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Connie Crothers Quartet: Ontology

Lennie Tristano eventually wound up having a lot of impact on jazz through Bill Evans, who picked up a lot from him and passed it on to other musicians. Still, the great Tristano, who created a system of modern jazz that was an alternative to bop, should’ve had more influence. For some reason, even early disciples like Billy Bauer reverted to anonymous styles when they were outside of his context. There are still a few musicians who carry on in his tradition, however, as this CD illustrates.

What’s nice about pianist Connie Crothers’ Ontology is that the members of the quartet on it aren’t slavish imitators of Tristano, Lee Konitz or Warne Marsh. Crothers has a sometimes dissonant and percussive, sometimes ethereal style of her own, and alto saxman Richard Tabnik’s playing is more vocal-inflected than Lee Konitz’s. Also, Tristano wanted bassists and drummers to do nothing but play time; bassist Sean Smith and drummer Roger Mancuso would’ve been too busy and unpredictable for him.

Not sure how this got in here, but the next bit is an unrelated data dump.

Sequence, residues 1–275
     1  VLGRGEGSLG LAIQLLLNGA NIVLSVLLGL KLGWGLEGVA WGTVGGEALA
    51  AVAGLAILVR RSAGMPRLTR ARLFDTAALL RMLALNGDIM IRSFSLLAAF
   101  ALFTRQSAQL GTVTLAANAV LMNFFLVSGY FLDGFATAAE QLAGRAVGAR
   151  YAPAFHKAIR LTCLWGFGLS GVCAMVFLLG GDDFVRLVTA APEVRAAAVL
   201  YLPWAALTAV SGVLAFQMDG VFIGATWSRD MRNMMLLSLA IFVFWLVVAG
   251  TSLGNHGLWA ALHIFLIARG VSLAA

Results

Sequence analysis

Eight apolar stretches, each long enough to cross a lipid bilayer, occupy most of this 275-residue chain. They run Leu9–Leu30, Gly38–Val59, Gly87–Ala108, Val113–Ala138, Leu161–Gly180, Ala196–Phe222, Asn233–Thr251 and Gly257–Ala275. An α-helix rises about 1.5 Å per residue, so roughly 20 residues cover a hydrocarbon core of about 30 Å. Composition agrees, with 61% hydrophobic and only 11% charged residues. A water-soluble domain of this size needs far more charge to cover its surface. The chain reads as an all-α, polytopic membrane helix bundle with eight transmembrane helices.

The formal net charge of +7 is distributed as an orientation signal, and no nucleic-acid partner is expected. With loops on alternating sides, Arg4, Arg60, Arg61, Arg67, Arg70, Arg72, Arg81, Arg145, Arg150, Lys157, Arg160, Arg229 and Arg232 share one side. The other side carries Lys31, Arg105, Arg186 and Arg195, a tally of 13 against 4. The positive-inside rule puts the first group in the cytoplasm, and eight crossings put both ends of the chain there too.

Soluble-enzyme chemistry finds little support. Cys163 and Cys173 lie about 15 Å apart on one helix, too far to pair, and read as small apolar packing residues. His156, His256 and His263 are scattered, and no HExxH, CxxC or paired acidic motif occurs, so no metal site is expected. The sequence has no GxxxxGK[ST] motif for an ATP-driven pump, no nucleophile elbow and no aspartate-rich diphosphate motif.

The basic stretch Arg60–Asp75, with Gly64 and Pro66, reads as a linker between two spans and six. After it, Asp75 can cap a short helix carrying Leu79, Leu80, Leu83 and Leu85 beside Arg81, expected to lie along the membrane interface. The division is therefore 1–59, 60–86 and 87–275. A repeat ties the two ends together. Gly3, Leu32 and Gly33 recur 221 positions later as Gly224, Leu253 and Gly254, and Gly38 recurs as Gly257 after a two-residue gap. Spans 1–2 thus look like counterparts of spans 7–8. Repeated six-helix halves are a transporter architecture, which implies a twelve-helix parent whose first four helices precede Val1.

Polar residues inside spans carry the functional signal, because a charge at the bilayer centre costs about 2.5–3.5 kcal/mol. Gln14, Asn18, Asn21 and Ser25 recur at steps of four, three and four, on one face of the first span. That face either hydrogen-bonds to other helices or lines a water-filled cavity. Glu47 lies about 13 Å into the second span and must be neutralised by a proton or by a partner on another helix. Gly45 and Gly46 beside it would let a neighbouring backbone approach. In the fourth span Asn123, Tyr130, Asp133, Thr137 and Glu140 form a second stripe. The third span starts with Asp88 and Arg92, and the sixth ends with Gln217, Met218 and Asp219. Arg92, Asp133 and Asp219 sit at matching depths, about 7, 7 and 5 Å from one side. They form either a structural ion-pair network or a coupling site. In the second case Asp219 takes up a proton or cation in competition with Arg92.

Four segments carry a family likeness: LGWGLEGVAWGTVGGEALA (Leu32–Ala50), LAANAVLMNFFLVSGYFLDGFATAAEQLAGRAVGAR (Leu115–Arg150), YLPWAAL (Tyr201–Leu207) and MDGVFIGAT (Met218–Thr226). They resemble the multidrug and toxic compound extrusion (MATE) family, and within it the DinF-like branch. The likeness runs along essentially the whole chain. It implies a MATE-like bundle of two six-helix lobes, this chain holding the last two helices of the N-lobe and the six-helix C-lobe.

The solos here are unique and challenging. Tabnik produces a very thin, penetrating nasal tone, frequently uses the extreme upper register and plays angular lines. He articulates notes in different ways, sometimes almost spitting them out one at a time, sometimes blurring them together. Crothers has a very active left hand, which she sometimes brings to the fore, and the complex interplay of her left and right hands deserves close attention.

This group deserves attention for not only preserving but also extending Tristano’s tradition.

Originally Published